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LINQ: Query Syntax vs. Method syntax

In the previous article, we got a quick glimpse of how both LINQ syntaxes look, but let's just get them on the table again right next to each other, so you are sure of what we'll be discussing in this article:

 var listOfNames = new List<string>()
    "John Doe",
    "Jane Doe",
    "Jenna Doe",
    "Joe Doe"

// Query syntax
var qNames = from name in listOfNames where name.Length <= 8 select name;
// Method syntax
var mNames = listOfNames.Where(name => name.Length <= 8);

While the two lines will accomplish the exact same thing, the syntactical difference is quite clear: The query syntax looks more like other query languages, e.g. SQL and less like a regular C# statement. The method syntax, on the other hand, looks very much like the rest of the C# code you have seen in this tutorial.

So, the biggest difference is definitely just the syntax and therefore, you will see both variations used when reading C# articles and finding answers to questions you might have. It seems that the query syntax is slightly more popular because some people find it easier to read than the method syntax - these might be people who are used to expressing data retrieval operations in SQL anyway. On the other hand, if you have never used a query language like SQL before, but you have some C# experience, then you might find the method syntax easier to read. Also, for at least a couple of operations, like counting the items in the result of the query, you will have to use the method syntax.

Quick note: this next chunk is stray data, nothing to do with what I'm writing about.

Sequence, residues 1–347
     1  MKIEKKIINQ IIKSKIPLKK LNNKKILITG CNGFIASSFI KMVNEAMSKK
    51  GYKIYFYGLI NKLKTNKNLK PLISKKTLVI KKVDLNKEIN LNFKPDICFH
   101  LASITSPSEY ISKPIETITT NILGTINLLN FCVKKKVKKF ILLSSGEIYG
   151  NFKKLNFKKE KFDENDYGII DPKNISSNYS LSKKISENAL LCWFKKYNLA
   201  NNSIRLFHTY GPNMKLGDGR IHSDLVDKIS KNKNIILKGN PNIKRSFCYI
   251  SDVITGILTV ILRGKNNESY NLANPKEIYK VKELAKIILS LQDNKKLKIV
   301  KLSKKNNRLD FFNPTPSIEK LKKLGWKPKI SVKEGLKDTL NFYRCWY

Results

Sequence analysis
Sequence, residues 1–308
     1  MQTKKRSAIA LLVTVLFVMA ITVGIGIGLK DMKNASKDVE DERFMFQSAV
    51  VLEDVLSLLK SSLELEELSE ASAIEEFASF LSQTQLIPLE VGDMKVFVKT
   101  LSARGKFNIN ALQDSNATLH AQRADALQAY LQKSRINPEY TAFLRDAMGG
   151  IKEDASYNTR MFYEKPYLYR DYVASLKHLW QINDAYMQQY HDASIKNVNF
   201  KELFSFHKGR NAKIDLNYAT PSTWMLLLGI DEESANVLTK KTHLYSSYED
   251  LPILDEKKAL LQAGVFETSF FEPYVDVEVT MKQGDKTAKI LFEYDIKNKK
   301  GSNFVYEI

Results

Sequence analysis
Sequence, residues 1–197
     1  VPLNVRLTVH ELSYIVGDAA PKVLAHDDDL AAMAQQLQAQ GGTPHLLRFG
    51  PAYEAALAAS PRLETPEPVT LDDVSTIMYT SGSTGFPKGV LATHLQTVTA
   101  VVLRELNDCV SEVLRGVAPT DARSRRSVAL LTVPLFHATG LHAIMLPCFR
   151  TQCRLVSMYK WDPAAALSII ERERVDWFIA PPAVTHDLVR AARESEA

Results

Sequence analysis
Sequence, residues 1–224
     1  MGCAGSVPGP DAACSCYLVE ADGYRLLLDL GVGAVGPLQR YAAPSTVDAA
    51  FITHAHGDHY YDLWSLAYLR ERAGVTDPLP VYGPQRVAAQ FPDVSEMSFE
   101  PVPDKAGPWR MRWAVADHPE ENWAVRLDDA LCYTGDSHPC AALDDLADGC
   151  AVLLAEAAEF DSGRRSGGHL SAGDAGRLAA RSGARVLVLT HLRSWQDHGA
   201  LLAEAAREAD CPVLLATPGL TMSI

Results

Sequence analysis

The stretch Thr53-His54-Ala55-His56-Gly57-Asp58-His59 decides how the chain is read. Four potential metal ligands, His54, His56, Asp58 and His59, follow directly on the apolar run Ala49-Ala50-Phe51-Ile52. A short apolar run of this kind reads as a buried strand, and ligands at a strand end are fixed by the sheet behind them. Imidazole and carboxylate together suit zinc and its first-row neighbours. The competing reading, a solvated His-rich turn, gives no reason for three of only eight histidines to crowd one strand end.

Lambda Expressions

In the method syntax example, you might notice something that you haven't seen before, as a parameter to the Where() method. It looks like this:

name => name.Length <= 8

This is called a Lambda Expression and while it's not a specific piece of LINQ functionality, it's used A LOT in the world of LINQ. Therefore you will also see it a lot in the following articles, and while I will go into greater details about Lambda Expressions in another article, this is a good time to get a very basic understanding of how they work.

It's actually quite simple. A Lambda Expression has a left side and a right side, divided by the => operator (not to be confused with the "greater than or equal to"-operator, which looks like this: >=).

On the left side, we have the input parameter(s) - there can be several, but in our example, there's just one, which is the name variable. In this case, it comes from the Where() method, from iterating over our list of names and we get to pick the name. I chose "name", because that's what you'll find in a list of names, but you could also call it "x", "z", "foobar" or anything else.

On the right side, we have the expression/statement part. This is where we generate the expected result - in this case, a boolean value telling the Where() method whether to include the name in question or not. We answer that with an expression, saying that we want to include the name if it has a length of 8 (or less) characters. We can (but are not required to) use the input (left side) to determine this. Again, we refer to it as "name", but we could have called it "x" instead - in that case, the statement would have looked like this:

var mNames = listOfNames.Where(x => x.Length <= 8);

Lambda Expressions are about more than just LINQ queries, but as mentioned, they are important when using LINQ - you will see that in the next articles. If you want to know more about Lambda Expressions in general, have a look elsewhere in this tutorial where the topic will be covered.


LINQ comes in two syntactical flavors: The Query and the Method syntax. They can do almost the same, but while the query syntax is almost a new language within C#, the method syntax looks just like regular C# method calls. In this tutorial, we will mostly be using the method syntax, when we discuss all the possible operations available with LINQ in the next articles.

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